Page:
Affinity is the “bond” between the Watcher and Daemon growing in combat, and when it exceeds one-hundred percent, you can activate the Manifest option, which enhances the abilities of Kagachi and the skills of the Daemon simultaneously and exponentially. Building Affinity and managing weapon use are key in preparing for tougher skirmishes and boss fights, as this mode enables movement and attack cancels early on in the game. There’s a delicate balancing act that needs to be performed, as Daemons with over one-hundred and fifty percent Affinity will actually possess a defense debuff, which means you’ll need to either switch to another play style or burn your Manifestation. Despite all of this, I never felt as though the normal enemies game were much of a challenge, though maybe they aren’t supposed to be. However, some of the hitboxes on both the mini-boss variants and the bosses themselves felt punishing. You’ll need to pay attention not only to the limbs of an enemy, but any graphical element that appears with an attack in order to understand where you might get hit.
Each area is a puzzle needing to be navigated – you’ll have to switch between the land of the living and the dead if you want to interact with certain objects and fight specific enemy types. Pushing further into the realm of the dead requires the player to vanquish a Sight Stealer, a more impressively powerful enemy whose presence cloaks the realm in shadow and makes Kagachi particularly vulnerable. One particularly irksome aspect of this realm-switching ability is that you fill out the map on only one realm or the other, not both, despite their near-identical nature. Although this realm switching is accompanied by an impressive lighting change and aesthetic alteration, enemies aren’t exclusive to one realm or the other, so the bright blue butterfly creatures that seem more at home in the realm of the dead can also end up hanging out in the realm of the living.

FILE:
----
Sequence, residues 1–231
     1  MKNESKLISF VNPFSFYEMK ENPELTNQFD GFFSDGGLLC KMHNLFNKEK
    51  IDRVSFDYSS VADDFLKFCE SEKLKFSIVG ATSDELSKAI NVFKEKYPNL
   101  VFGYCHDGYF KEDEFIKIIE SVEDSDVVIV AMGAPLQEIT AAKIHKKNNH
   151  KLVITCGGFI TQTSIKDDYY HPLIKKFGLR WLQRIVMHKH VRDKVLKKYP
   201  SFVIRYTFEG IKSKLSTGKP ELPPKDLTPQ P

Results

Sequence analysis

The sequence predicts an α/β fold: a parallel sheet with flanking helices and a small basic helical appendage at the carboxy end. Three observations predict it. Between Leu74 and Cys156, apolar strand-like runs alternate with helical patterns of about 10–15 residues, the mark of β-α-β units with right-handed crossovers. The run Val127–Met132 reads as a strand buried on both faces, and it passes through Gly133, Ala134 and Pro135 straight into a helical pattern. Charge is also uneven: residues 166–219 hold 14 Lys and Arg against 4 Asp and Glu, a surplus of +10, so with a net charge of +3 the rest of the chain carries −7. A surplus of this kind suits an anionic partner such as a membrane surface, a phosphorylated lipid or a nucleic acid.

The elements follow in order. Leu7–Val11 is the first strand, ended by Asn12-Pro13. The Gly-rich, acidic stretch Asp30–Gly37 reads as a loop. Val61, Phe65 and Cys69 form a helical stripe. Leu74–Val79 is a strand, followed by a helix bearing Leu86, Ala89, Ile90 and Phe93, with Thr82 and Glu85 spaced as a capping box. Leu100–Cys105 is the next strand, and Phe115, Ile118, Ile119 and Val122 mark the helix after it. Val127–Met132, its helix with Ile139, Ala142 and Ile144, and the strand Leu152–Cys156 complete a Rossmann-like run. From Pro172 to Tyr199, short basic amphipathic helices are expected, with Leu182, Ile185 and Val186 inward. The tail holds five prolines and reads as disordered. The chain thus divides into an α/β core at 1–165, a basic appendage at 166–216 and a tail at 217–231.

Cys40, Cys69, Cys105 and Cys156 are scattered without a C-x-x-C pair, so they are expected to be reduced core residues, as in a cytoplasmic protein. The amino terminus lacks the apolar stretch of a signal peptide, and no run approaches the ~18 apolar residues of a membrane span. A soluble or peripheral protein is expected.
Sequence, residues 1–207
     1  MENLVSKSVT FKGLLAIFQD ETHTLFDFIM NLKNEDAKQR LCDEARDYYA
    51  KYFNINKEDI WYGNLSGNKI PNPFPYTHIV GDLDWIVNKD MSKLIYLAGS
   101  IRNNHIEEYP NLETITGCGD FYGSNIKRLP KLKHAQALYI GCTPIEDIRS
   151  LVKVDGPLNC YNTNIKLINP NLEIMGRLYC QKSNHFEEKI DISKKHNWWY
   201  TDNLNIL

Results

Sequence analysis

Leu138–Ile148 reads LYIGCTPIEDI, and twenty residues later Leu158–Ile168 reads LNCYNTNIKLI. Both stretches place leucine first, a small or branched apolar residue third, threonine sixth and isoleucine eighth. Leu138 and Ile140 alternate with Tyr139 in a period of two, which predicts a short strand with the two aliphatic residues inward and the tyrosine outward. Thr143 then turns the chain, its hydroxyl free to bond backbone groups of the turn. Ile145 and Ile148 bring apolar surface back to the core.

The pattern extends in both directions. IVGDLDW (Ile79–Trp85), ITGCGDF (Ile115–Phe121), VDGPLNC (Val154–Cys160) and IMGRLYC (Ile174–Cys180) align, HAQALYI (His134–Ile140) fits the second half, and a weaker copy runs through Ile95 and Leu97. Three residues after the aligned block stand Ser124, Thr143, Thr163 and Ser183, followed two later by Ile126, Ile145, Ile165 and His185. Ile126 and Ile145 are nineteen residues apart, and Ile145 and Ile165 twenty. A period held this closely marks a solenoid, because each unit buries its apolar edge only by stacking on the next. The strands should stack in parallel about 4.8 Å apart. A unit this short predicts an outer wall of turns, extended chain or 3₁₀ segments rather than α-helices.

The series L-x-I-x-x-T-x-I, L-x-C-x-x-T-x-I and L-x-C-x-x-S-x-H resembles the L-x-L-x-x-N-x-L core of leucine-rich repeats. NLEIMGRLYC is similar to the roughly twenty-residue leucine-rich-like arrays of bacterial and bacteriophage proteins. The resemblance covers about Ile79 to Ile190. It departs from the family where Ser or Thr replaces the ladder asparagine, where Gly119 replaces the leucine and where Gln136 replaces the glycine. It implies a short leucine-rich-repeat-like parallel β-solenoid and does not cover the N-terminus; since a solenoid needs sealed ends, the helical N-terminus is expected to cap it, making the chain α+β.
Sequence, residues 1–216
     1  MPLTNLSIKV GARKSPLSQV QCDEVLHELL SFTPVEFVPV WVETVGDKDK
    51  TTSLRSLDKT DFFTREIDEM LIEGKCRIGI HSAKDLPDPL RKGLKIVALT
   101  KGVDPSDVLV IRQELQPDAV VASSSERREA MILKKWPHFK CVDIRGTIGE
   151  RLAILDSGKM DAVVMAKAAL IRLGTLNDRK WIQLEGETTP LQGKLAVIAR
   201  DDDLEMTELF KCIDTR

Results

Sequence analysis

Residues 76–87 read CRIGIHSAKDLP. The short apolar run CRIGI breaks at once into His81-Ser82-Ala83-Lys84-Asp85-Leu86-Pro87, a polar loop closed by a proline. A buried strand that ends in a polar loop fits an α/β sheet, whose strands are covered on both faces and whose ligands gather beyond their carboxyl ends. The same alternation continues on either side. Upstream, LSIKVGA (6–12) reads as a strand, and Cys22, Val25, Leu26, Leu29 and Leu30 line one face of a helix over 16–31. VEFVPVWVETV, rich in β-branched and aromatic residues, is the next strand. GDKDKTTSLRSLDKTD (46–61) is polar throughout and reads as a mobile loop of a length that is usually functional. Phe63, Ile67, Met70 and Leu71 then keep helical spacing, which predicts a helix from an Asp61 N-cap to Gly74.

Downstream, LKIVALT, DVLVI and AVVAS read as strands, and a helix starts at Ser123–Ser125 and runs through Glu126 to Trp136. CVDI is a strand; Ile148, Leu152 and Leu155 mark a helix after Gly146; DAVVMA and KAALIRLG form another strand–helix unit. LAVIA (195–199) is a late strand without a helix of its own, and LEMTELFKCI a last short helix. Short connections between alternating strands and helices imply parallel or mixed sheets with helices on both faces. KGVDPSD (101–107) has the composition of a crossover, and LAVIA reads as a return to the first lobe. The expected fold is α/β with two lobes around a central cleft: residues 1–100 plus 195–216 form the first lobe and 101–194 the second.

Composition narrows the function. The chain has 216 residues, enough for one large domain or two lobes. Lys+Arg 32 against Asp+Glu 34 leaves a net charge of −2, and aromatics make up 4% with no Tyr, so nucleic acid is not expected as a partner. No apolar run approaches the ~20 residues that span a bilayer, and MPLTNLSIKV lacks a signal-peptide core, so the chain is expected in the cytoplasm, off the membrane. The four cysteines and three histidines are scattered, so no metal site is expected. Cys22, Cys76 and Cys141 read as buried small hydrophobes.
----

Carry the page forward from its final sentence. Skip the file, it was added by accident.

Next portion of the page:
Oninaki starts as Square Enix RPGs often do- with a lot of cutscenes establishing context, and a great deal of dialogue within. The setup here isn’t too bad, though – protagonist Kagachi spots a mysterious girl on the eve of his parents’ death, and becomes fascinated with her presence as he grows up and joins the Watchers, emissaries of reincarnation in this strange land. The spirits of the dead are always reincarnated to a new life, but if they have past regrets or uncertainty, their grief can stop them from making the journey properly. Kagachi and his fellow Watchers must investigate and figure out what is causing the unrest in the dead, rectifying it in order to maintain balance. This results in two scenarios that Kagachi handles very differently.
In the first, you escort a prematurely-passed young boy to his parents’ house, only to find that they regret leaving him alone and would rather both die in order to be with him. It’s bleak, but it also sets a vibe for the story that immediately jolts the player from the moral boundaries of the real world. Oninaki is set in a vastly different culture, where the cycle of rebirth and death is extremely important and well-defined. In another scenario, Kagachi helps investigate a death-cult whose mass suicide was orchestrated by a corrupt member, of which a lingering soul remains suspicious. It turns out that the man encouraged the act so that he could profit off of what was left behind, but his disrespect for the dead is handled in a trial, rather than by Kagachi’s blade.